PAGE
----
On December 25, part of the Christian world celebrates Christmas. On this day, believers rejoice at the birth of Jesus Christ, open gifts under the tree, sing laudatory hymns, or simply gather with family and friends at the festive table.
Nevertheless, for many, Christmas is not only a family holiday, but also a “professional” holiday, for example, for the clergy of the Roman Catholic Church. After all, the Catholic Church is an institution of colossal proportions, gathering under its auspices millions of people and directing tens of thousands of institutions. For priests, the bright holiday of Christmas means not only fasting and prayer, but also certain bureaucratic rituals.
We are told about this by a letter from the Archbishop of Westminster Henry Manning to Cardinal Luigi Pallotti (Archive of St. Petersburg Institute of History of the Russian Academy of Sciences, WES, coll. 18, box 380, item 7), dated December 10, 1888, stored in the archive of St. Petersburg Institute of History of the Russian Academy of Sciences. The document consists of two sheets of paper, on which the filigree is clearly visible: a lion standing on two legs, with a scepter and the inscription “Joynson Fine”. Most likely, the paper was produced at the William Joynson factory, founded in 1850 and located in Saint Mary Cray (Kent). The text of the letter takes only the front side of the first page and, apparently, was written by the archbishop’s secretary. Cardinal Manning himself only assured the letter with his signature.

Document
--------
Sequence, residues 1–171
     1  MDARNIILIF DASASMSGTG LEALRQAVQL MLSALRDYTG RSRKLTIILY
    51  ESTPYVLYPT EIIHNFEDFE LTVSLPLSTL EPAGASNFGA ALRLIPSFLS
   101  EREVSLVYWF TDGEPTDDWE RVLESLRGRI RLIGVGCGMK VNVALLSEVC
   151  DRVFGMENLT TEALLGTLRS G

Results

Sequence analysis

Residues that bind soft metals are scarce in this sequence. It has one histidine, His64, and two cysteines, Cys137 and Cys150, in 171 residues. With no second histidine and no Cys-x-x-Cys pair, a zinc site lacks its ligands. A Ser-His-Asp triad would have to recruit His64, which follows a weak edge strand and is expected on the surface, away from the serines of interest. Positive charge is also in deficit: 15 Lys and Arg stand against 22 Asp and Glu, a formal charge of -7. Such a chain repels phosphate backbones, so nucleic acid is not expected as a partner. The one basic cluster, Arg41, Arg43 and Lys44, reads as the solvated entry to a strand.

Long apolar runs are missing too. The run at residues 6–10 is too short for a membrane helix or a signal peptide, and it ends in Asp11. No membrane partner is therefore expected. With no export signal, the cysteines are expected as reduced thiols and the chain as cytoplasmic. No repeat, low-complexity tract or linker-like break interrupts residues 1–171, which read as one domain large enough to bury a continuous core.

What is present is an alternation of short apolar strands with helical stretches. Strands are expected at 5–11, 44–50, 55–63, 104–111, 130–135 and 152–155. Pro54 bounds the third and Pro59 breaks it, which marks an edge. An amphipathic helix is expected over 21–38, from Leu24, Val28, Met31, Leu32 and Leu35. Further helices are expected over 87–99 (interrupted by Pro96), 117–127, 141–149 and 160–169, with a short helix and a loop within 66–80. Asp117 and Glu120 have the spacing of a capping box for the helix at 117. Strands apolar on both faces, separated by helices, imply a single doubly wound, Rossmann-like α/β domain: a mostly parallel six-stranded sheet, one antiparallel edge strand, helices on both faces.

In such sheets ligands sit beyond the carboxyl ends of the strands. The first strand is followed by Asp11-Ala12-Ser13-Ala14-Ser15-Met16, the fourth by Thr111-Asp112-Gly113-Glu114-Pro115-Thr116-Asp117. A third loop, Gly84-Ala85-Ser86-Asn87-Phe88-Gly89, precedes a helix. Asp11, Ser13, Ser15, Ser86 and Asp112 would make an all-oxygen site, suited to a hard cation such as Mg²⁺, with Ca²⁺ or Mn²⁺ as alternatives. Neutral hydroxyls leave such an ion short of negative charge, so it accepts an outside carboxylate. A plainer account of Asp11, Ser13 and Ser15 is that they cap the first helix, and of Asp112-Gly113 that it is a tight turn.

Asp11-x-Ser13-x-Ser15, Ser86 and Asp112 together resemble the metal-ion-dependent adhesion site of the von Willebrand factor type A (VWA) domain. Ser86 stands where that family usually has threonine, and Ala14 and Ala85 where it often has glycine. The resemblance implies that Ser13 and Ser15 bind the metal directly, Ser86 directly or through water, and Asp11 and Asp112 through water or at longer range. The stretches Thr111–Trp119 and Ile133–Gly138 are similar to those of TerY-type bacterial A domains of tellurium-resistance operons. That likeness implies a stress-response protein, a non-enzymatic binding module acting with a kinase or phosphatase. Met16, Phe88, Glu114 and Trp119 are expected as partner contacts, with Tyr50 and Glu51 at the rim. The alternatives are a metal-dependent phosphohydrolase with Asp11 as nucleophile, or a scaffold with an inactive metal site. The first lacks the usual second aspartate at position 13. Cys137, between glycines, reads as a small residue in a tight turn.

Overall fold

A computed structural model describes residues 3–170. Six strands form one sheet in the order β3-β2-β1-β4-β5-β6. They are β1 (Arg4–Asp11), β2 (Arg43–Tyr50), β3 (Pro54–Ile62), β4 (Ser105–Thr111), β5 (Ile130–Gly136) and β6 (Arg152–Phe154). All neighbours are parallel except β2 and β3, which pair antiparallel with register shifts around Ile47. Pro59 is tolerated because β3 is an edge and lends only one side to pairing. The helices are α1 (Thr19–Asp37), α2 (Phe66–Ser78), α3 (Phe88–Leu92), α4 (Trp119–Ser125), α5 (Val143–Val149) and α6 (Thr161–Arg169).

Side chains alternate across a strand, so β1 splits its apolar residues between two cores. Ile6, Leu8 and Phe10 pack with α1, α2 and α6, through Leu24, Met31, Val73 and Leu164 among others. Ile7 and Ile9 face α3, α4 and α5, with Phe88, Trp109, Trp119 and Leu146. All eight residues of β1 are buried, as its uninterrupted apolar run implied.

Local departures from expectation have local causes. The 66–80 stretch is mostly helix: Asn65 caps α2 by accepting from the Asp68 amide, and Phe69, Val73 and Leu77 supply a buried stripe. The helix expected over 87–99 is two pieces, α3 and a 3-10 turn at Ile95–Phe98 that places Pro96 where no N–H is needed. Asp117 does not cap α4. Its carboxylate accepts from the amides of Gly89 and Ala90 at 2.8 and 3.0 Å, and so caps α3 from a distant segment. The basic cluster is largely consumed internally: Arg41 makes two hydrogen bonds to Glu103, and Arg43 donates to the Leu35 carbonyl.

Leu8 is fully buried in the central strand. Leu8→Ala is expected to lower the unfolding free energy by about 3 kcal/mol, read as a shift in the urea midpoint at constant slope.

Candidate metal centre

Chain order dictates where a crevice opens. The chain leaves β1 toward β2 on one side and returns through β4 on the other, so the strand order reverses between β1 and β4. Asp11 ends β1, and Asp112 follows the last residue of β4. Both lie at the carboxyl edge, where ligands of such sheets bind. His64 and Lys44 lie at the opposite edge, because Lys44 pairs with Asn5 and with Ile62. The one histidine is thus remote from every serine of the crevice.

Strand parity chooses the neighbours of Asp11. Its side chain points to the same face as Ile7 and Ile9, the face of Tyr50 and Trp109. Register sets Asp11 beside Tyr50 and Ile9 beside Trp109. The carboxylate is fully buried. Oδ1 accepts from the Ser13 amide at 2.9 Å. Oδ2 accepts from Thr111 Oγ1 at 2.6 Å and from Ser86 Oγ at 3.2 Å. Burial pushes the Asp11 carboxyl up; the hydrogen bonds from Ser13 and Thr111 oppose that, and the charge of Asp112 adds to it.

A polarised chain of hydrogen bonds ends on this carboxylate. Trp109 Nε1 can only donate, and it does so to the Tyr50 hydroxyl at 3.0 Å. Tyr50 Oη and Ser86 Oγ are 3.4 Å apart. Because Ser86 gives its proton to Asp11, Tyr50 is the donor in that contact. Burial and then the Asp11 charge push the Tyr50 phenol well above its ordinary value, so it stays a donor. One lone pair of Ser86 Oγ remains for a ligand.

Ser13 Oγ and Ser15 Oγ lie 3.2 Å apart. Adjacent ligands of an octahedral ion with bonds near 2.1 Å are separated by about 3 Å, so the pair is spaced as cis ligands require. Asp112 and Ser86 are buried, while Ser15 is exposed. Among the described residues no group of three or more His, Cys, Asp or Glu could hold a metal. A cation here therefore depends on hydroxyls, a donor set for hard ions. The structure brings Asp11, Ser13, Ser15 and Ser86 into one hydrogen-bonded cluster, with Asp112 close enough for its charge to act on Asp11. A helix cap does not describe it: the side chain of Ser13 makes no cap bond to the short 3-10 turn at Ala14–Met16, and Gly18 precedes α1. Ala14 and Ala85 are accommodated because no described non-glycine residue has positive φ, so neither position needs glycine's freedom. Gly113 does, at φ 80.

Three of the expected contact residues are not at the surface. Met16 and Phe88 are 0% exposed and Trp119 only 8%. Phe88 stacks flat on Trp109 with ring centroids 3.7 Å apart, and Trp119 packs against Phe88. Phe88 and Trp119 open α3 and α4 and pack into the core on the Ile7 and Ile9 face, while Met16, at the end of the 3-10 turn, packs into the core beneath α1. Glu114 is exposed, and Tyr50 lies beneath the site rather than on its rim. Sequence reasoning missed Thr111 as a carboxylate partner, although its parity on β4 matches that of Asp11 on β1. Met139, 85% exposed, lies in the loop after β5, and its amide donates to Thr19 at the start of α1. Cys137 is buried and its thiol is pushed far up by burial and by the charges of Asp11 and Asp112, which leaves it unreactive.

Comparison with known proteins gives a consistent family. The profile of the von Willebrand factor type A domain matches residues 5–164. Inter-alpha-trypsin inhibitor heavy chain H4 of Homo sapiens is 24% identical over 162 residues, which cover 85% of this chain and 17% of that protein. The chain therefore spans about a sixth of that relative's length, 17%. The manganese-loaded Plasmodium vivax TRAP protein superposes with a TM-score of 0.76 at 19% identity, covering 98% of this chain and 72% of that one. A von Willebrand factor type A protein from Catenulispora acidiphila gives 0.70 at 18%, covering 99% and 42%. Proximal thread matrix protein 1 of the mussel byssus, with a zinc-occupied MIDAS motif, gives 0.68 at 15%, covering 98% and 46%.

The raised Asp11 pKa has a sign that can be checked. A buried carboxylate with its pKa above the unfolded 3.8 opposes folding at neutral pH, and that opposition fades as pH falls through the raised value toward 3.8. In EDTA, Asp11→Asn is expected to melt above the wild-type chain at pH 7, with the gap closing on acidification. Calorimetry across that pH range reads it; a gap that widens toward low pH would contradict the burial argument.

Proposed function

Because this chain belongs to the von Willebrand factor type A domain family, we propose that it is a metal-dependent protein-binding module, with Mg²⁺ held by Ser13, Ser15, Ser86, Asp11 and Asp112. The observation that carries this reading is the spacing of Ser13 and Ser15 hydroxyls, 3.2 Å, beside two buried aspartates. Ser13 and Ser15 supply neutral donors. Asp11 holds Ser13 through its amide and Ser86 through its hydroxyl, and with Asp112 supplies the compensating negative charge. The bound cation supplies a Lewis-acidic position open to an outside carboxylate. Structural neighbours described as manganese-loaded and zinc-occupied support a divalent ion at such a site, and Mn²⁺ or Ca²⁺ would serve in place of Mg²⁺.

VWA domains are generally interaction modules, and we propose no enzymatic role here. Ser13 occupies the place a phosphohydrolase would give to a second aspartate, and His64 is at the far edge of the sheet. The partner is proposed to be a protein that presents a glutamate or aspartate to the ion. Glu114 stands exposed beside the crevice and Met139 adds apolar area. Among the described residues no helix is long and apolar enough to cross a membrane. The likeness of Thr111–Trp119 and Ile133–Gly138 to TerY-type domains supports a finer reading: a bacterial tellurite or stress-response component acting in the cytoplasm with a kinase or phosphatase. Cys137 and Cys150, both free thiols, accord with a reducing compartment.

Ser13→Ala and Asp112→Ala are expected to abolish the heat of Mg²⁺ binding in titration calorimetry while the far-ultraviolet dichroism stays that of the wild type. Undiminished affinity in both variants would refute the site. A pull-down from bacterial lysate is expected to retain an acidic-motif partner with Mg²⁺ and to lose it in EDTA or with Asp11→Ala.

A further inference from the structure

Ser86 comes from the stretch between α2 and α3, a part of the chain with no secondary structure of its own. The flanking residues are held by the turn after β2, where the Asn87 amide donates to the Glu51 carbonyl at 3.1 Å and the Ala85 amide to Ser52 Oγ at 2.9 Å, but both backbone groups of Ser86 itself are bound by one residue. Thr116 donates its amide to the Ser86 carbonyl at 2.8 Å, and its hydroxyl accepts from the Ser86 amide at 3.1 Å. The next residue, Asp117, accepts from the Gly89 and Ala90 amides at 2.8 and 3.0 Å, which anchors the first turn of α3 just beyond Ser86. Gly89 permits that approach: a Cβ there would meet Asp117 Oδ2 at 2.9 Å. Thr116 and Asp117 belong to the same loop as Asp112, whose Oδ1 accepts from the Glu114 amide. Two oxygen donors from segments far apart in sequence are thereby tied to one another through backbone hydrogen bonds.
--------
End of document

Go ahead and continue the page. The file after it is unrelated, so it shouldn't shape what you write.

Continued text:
The exhibition was prepared by I.D. Travin
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